NOV. 25, 2015 UPDATE: Nicholas Garcia pleaded guilty today to causing the death of his neighbor’s Pit Bull with a firecracker, the Herald-News reports. He was sentenced to three years in prison on a charge of criminal damage to property (not animal cruelty). He must then serve an additional year for reckless discharge of a firearm. He will be eligible for parole in August 2017.
On July 7, Nicholas Garcia of Joliet, Ill., threw lit firecrackers at his neighbor’s Pit Bull, named America. As the neighbors watched in horror, America picked up one of the firecrackers in his mouth.
“It blew off the animal’s jaw,” Deputy Police Chief Ed Gregory told the Herald-News. America had to be euthanized.
Surprisingly, Garcia was not charged for animal cruelty, but for felony damage to property, along with two misdemeanor counts.
He finally turned himself in July 24. He paid his bail and was free to go.
On Aug. 8, barely a month after killing America, Garcia was pulled over by Joliet police after blowing through a stop sign. The officers found illegal fireworks — a mortar and two packages of “Nitro Bombs” — in the trunk of his car, according to the Herald-News. There were also three baggies of marijuana inside the car.
Garcia was charged with possession of fireworks, possession of marijuana and the traffic violations. He was released on his own recognizance.
In a court appearance today, Garcia became “visibly agitated” when he was taken into custody after Judge Daniel Rozak granted the prosecutor’s request to add a $25,000 bond due to the August arrest, the Herald-News reports.
Garcia’s attorney, Cosmo Tedone, who actually referred to himself an animal lover, insisted his client meant no harm to America.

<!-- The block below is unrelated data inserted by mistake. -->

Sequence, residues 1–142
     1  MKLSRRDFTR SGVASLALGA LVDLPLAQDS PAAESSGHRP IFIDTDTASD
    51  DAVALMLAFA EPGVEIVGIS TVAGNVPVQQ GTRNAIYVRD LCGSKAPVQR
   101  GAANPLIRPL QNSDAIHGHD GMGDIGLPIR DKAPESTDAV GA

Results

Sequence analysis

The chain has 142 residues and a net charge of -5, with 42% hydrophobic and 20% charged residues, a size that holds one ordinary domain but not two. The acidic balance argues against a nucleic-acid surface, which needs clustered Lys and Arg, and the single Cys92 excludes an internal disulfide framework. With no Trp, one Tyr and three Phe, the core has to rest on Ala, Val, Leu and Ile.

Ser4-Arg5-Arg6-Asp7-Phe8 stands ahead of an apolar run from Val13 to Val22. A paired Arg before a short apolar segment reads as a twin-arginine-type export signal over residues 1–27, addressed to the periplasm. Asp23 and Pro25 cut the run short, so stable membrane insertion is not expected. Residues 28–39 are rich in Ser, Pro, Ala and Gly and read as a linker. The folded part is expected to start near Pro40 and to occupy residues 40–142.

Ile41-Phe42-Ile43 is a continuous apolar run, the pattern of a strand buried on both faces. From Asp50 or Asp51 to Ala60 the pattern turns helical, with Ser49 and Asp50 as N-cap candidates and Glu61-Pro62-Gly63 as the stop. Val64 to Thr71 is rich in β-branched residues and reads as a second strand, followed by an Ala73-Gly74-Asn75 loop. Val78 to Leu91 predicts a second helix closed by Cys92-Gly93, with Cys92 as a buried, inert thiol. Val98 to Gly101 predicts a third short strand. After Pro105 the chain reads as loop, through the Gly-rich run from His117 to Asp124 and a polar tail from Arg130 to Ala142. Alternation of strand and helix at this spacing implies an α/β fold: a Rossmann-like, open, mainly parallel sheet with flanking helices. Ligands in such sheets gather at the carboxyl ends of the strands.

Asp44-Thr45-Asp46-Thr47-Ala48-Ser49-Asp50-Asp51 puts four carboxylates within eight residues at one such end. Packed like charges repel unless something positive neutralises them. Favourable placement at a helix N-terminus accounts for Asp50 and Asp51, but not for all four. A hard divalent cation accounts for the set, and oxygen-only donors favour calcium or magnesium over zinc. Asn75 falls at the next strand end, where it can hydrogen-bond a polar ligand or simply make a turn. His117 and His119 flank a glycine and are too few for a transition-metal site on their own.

“The dog got out and chased it, but there was no intent to hurt the animal and no charge of animal cruelty,” he said, according to the Herald-News.
Really? How could Garcia not know exactly what the horrible outcome would be when he was throwing lit firecrackers at the dog?
Garcia didn’t have much reason to be agitated. After spending less than seven hours in jail, he was released on $2,500 bail, the Shorewood Patch reports. He’s scheduled to appear in court again next month.
The Will County state’s attorney’s office filed “the strongest [property damage] felony charge possible under Illinois law,” according to a statement regarding the case. If he’s convicted, Garcia faces up to six years in prison and a maximum fine of $25,000.
In 1999, State’s Attorney Jim Glasgow authored a statute that made the abuse of an animal a felony for the first time in Illinois history.
It’s unfortunate his office did not file the strongest animal cruelty charge possible in Garcia’s case. “When or if additional evidence becomes available, the state’s attorney’s office will review the case and give all due consideration to filing additional charges,” the statement said.
An online petition urging Garcia to be charged with animal cruelty has more than 119,000 signatures as of Aug. 17.
Photo via Patch.com